One of the beautiful stained glass windows
in the Cathedral of the Immaculate Conception


Then began the long drive to another homeschooling family living just South of Omaha, Nebraska - and our next host family.
After a long drive with few stops we arrived at our hosts' home. It worked out they were having their regular local Catholic family gathering and prayer night. Once more, before we could introduce the children they were inside playing with the other children.
Our hosts had very carefully organised things so we could all have our own rooms, but the boys wanted to sleep with their boys and the girls with their girls. A quick re-arrangement and they were done. Our families got along very well and the adults chatted till late, interspersed with a few “suggestions” to the children to go to sleep.

11 September 2004

Another nice Chucky Cheese sketch


Lana and Rose - from the busy Chuck E Cheese portrait machine

The Christmas Party

In the evening Ariel and I went to the work Christmas Party (the actual reason for being here). It was at a French restaurant south of Denver and it was a fun night. Ariel was able to experience a “fancy” restaurant and found that she enjoyed more of the food than she thought she might.
At the work Christmas parties it is a tradition to give a prize for the silliest thing a staff member has done during the year. In the US this is called the “Kangaroo Tail Award”. Last year David “won” the prize for calling his boss on the morning of our arrival at what he thought was 9:15am. Actually the time difference was 2 hours the other way and it was 5:15 am in Denver.! Oops.
This year’s prize was awarded to a staff member that had organised to go to the airport with another member and arranged to meet them about half an hour away to save doubling the travelling time. About 20 minutes down the road, he suddenly realised he didn’t have his passport and had to return to his home, thereby removing every benefit of meeting the others! A worthy winner. Who won? David. Again.

Peter - from the Chuck E Cheese portrait machine

Day Seven and Eight - Colorado

We had a fun morning getting to know Dennis and Cheryl and then whilst Dennis had to go to work, we went out to Krispy Kreme, Barnes and Noble and a park/playground.
In the January 2004 issue of Bruggie Tales we discussed Krispy Kremes, but Lana still hadn’t been to one. So this was an important cultural icon to visit. We bought two dozen doughnuts, made up of 4 each of a number of flavours. We then cut them into quarters and we all tried them between our host's children and all of us. We were unable to get the fresh hot doughnuts, as the machines go from 5 to 11 AM and PM.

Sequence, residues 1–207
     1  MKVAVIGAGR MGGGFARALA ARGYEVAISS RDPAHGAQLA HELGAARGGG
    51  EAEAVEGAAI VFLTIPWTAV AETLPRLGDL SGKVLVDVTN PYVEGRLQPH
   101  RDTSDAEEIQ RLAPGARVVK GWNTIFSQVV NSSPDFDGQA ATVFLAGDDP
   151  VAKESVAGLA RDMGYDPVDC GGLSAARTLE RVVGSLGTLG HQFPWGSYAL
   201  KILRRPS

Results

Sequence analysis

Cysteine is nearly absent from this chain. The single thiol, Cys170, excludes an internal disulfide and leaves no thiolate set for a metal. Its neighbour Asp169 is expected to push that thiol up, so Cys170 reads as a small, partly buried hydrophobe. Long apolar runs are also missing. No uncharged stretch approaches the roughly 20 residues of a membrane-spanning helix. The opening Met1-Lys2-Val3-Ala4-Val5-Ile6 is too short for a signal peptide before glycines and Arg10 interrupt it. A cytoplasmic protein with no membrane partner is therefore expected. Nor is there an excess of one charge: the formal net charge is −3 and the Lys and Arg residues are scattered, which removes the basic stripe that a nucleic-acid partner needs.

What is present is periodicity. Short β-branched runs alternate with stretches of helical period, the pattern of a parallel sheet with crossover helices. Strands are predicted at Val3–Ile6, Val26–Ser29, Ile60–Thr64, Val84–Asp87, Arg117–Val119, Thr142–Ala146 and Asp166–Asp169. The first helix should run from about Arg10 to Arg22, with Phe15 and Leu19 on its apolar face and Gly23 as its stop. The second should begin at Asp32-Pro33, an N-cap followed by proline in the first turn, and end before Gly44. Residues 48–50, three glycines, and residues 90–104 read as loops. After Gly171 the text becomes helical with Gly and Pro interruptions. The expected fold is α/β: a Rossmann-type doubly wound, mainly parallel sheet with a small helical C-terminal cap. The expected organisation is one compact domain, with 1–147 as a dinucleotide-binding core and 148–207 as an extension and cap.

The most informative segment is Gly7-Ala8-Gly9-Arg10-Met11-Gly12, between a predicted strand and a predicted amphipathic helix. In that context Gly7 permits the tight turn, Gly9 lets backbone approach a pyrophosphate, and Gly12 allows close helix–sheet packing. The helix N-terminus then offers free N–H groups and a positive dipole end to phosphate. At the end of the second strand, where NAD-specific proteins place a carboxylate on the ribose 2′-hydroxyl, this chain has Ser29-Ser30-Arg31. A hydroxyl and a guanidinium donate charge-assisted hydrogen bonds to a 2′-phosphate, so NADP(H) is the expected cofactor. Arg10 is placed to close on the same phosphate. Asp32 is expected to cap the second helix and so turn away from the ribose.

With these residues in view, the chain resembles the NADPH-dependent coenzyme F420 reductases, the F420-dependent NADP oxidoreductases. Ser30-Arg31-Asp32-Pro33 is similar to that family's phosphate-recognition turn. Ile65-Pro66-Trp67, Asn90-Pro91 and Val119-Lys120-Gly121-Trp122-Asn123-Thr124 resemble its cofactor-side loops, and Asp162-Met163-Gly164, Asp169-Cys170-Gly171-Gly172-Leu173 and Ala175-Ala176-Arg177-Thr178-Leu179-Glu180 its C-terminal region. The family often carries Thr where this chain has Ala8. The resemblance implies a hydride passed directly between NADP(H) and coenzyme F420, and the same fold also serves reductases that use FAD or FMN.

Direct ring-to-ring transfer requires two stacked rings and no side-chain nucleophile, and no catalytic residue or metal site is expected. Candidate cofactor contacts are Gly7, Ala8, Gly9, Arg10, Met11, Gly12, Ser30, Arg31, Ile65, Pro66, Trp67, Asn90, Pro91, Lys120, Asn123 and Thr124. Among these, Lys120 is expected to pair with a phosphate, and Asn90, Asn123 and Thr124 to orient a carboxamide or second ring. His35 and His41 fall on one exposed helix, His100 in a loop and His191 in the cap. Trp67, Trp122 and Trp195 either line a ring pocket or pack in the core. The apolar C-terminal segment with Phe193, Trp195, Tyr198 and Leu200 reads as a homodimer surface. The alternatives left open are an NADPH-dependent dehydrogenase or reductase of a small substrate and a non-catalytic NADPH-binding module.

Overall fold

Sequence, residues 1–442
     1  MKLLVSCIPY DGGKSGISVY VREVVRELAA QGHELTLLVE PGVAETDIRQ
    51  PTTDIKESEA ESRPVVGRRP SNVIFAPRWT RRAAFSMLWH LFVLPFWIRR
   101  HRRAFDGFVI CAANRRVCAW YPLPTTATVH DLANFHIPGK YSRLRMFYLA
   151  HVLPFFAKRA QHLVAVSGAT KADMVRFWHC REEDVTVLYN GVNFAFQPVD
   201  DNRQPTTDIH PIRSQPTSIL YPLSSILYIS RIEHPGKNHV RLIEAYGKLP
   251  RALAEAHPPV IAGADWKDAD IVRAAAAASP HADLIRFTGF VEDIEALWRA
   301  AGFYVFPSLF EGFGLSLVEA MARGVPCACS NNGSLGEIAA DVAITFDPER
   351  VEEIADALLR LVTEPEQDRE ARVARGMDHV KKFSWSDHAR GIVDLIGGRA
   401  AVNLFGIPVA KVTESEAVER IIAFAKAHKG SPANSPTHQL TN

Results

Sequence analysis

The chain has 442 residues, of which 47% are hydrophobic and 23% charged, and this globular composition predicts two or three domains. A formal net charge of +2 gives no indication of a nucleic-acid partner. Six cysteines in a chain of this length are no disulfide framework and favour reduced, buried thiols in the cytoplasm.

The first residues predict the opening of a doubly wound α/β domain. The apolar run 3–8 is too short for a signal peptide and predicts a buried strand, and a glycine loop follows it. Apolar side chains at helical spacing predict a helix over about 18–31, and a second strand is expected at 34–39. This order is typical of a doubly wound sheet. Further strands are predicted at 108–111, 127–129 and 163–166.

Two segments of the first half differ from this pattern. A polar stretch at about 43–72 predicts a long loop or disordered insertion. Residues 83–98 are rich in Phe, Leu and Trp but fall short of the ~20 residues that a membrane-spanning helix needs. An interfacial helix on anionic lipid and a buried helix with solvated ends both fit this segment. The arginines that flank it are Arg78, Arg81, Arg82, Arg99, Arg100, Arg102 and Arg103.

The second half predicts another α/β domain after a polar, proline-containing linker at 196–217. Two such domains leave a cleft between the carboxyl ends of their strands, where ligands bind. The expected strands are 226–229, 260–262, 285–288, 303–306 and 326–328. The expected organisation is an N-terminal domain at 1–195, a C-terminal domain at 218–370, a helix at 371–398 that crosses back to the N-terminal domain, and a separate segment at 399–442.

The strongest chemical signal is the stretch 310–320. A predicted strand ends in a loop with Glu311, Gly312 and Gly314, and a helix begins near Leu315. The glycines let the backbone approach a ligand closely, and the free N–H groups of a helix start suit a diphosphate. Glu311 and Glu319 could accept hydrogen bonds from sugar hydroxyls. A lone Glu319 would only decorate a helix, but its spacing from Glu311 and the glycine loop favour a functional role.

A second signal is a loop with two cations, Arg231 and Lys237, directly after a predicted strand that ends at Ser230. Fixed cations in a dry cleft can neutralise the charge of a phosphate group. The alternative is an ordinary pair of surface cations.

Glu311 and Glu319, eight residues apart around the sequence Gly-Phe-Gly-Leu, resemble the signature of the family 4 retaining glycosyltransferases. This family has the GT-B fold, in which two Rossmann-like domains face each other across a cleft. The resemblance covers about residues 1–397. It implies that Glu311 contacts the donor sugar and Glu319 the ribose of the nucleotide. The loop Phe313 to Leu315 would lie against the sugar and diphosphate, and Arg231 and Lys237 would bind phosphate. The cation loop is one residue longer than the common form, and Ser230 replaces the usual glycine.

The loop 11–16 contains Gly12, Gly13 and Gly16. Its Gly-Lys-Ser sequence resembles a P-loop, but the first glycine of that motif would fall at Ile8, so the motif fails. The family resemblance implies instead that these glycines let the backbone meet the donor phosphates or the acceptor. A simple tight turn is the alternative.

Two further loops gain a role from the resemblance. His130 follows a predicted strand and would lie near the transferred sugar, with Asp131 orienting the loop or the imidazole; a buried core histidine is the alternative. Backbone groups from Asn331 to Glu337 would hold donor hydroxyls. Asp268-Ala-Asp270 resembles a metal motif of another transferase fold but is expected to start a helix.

We met Sharon of the Head Office and David was able to show his Denver office to the rest of the family.
Then we went to an amazing place for dinner - Chuck E. Cheese’s. This is a sort of restaurant, but mostly amusement arcade. First you walk in and all members of the family are stamped with an infra red stamp which can only be read under a special light. In this way, children could only leave accompanied by matching adults.
Then you could buy a (quite average) pizza and lots of tokens. These tokens are used in a huge array of game machines. There are also non token entertainments such as huge climbing frame that goes around the room similar to air conditioning ducts, and some climbing frames for toddlers.
It was a riot of noise and colours, children everywhere with parents following them. Some parents also played some of the games and helped their children find ways to use their tokens. One interesting machine was a “sketching” machine. It took a digital photo and then rendered it like a pencil drawing. Peter’s picture on this page is one example.
The Saturday the children just wanted to stay at the hotel and NOT drive anywhere. It was a rest day and we spent the time at the hotel.

Inside Chuck E. Cheese - some dining tables surrounded
by children running around and enjoying themselves.